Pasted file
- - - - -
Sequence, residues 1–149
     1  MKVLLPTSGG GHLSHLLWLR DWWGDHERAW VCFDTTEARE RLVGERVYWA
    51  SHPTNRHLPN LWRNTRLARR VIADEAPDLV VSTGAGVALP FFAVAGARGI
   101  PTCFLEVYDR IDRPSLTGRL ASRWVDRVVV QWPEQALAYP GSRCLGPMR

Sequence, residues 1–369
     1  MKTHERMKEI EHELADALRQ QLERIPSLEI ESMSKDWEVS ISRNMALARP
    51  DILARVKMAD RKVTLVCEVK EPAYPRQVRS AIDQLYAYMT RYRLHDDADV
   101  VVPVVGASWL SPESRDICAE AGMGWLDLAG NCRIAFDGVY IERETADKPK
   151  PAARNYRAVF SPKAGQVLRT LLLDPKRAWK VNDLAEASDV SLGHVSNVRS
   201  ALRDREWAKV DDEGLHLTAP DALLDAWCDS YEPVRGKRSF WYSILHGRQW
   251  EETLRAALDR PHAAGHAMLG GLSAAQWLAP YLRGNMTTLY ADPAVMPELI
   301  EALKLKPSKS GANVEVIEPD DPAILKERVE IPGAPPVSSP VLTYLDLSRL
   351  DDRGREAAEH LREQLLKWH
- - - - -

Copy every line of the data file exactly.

Sequence, residues 1–149
     1  MKVLLPTSGG GHLSHLLWLR DWWGDHERAW VCFDTTEARE RLVGERVYWA
    51  SHPTNRHLPN LWRNTRLARR VIADEAPDLV VSTGAGVALP FFAVAGARGI
   101  PTCFLEVYDR IDRPSLTGRL ASRWVDRVVV QWPEQALAYP GSRCLGPMR

Sequence, residues 1–369
     1  MKTHERMKEI EHELADALRQ QLERIPSLEI ESMSKDWEVS ISRNMALARP
    51  DILARVKMAD RKVTLVCEVK EPAYPRQVRS AIDQLYAYMT RYRLHDDADV
   101  VVPVVGASWL SPESRDICAE AGMGWLDLAG NCRIAFDGVY IERETADKPK
   151  PAARNYRAVF SPKAGQVLRT LLLDPKRAWK VNDLAEASDV SLGHVSNVRS
   201  ALRDREWAKV DDEGLHLTAP DALLDAWCDS YEPVRGKRSF WYSILHGRQW
   251  EETLRAALDR PHAAGHAMLG GLSAAQWLAP YLRGNMTTLY ADPAVMPELI
   301  EALKLKPSKS GANVEVIEPD DPAILKERVE IPGAPPVSSP VLTYLDLSRL
   351  DDRGREAAEH LREQLLKWH